Page 2779 - Week 09 - Tuesday, 16 August 2005

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Bishop Pat Power began the ride with them. I do not know whether he actually made it, but I believe that he intended to go all the way to Hall, which I think was pretty impressive. I only went as far as the tent embassy because we were running on Aboriginal time, which meant that it was very much time for me to leave to get to meetings here, and could not accompany them all the way to the city, which I had planned to do.

The tent embassy is a very significant point of departure. It was really good that Father Peter Murnane and the Aboriginal person driving the support vehicle were able to go there and meet with the people who are camped there. I think everyone knows that the tent embassy has been there for over 30 years and that the people who are camped there insist that until the issues that they are camping there about are fixed they will stay there.

I want to commend the people on the site, because it is looking incredibly airbrushed at the moment. It is extremely tidy. It is a very comfortable place to visit. One is always offered a cup of tea. I also want to put in a plug in support. It is often said by some for various reasons, depending on where the speaker is standing, that the tent embassy should not be there. Some people see it as a little messy in our overordered parliamentary triangle. Other people insist that, because the campers on the whole are not local people, they have no right to be there.

I believe that the tent embassy has always worked to represent indigenous people from all over Australia. It is a place where Aboriginal people visiting Canberra know they are welcome. Issues that confront Aboriginal people confront them everywhere. So I believe that the Aboriginal embassy has a very important place in the indigenous people’s campaign. They have no reason to feel hopeful about the next two or three years, but I can tell you that they are still working and campaigning. I thank the Stanhope government for supporting the embassy, as far as it is able, because I believe that the people there add significantly to Canberra’s cultural life. I agree that until they have won the gains that they are working for they should stay there because the embassy is in your face and that is where it needs to be.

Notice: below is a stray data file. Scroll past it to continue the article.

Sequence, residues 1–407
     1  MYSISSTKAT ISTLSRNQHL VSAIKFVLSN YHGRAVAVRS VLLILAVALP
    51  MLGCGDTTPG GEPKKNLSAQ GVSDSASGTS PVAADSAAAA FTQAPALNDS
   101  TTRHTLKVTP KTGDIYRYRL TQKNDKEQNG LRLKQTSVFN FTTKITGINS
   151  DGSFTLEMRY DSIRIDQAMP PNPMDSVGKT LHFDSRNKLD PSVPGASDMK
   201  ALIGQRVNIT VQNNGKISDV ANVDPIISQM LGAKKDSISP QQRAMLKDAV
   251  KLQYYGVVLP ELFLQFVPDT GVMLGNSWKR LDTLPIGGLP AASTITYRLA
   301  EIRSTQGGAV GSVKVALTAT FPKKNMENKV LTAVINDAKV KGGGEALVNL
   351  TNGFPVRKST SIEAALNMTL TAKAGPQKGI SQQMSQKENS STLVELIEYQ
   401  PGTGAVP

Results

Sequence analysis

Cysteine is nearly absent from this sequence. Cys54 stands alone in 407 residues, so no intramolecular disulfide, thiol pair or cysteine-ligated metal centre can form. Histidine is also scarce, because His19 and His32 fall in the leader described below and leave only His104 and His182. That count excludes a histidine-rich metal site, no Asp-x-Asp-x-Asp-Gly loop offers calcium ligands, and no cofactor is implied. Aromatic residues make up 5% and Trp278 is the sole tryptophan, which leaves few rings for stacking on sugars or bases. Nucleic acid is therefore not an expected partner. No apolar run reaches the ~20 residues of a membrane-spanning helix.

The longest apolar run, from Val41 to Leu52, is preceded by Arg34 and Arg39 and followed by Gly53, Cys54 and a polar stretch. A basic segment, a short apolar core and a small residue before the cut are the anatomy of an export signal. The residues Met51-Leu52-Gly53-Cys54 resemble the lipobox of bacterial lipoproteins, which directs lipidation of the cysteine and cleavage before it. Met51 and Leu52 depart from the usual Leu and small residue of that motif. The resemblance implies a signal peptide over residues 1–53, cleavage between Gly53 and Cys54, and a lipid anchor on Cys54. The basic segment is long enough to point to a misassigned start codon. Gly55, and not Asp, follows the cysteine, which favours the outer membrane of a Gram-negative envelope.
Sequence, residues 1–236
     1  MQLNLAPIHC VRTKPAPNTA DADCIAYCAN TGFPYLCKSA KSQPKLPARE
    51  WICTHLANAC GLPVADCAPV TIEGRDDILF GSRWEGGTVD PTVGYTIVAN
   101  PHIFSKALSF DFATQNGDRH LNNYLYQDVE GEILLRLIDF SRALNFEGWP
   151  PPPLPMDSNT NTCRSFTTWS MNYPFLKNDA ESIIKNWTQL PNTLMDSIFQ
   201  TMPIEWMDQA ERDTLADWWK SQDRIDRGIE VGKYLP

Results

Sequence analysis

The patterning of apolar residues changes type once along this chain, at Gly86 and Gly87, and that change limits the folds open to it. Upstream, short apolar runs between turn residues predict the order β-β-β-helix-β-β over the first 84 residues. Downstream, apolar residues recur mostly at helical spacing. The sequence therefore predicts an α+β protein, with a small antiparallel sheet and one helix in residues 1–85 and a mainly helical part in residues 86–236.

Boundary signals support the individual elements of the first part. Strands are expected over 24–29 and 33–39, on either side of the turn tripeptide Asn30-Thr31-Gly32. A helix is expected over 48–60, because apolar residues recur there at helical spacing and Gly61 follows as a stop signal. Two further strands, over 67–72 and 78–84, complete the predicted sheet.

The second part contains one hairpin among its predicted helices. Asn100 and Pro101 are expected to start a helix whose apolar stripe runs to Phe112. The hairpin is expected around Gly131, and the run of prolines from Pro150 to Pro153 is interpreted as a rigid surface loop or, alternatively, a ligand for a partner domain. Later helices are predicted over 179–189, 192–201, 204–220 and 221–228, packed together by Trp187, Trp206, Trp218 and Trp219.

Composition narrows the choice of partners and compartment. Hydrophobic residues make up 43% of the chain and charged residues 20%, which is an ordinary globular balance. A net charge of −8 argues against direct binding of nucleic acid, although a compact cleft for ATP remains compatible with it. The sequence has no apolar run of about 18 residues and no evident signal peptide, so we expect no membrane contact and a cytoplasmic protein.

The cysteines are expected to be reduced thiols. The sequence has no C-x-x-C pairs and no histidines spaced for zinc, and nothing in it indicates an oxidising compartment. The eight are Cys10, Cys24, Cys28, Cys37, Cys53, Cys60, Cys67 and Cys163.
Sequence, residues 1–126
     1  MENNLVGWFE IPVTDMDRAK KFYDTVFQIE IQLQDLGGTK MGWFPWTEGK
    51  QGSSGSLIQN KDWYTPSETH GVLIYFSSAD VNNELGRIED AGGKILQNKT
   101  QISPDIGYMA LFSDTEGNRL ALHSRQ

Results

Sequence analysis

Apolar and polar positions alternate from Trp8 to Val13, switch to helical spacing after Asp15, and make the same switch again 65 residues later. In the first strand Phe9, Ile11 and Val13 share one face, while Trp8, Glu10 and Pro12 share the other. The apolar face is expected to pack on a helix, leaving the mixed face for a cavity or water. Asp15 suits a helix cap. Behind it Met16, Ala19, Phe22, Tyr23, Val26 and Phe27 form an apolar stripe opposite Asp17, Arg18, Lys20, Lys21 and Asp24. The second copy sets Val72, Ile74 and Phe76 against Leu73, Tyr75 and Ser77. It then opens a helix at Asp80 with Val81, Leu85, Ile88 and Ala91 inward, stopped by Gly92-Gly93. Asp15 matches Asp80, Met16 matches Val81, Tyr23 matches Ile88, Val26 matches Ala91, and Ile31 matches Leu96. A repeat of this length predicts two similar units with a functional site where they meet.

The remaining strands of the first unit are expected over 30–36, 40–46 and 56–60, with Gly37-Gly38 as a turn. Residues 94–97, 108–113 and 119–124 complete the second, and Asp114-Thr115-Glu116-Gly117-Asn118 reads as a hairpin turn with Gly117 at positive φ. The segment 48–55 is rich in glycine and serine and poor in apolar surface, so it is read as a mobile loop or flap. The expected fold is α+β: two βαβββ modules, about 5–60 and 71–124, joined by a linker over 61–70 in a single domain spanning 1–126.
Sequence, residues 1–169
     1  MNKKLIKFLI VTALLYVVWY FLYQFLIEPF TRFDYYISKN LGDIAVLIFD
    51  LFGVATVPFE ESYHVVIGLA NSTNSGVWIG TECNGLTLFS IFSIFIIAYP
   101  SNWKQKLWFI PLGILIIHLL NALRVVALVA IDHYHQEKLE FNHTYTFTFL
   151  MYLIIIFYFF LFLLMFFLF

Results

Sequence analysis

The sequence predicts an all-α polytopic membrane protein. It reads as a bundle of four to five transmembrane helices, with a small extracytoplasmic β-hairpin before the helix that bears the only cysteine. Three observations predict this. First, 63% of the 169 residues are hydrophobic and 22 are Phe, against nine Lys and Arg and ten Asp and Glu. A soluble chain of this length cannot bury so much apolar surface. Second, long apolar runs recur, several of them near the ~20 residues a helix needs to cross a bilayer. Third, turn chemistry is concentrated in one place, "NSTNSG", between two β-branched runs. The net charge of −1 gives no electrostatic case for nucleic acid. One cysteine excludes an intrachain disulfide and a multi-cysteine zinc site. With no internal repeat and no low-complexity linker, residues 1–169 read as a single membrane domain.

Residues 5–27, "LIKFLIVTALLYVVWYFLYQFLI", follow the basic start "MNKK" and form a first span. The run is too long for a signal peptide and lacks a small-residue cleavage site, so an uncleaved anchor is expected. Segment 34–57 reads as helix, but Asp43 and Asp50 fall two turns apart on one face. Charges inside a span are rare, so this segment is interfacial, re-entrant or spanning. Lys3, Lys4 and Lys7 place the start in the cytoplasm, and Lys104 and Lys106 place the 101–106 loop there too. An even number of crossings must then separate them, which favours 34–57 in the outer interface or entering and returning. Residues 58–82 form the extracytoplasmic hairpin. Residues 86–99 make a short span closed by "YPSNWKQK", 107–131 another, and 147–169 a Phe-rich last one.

Business survey

MR MULCAHY (Molonglo) (6.10): Mr Speaker, I would like to follow up on a matter that has been the subject of some discussion today, as it was last week; that is, the survey that was commissioned by Australian Business Ltd. The Chief Minister and the Treasurer have tried today to make a great deal of the survey commissioned by Australian Business Ltd. I have a fair regard for the Treasurer’s caution in matters economic in that he normally looks pretty carefully at things. I can only put it down to jet lag or the like that he has walked into something here without doing his homework, because if he had looked at the survey he would not have touched it with a barge pole. I understand that the Chief Minister has had all sorts of jobs he has been carrying out over the last few weeks and it is probably not his forte.

This survey purported to show that the average cost of government taxes and charges per employee in the ACT was $1,630 compared to $2,628 in New South Wales, a difference of $998. The Chief Minister concluded, quite wrongly, that taking on staff was 40 per cent cheaper in the ACT than across the border. If you had just read the press

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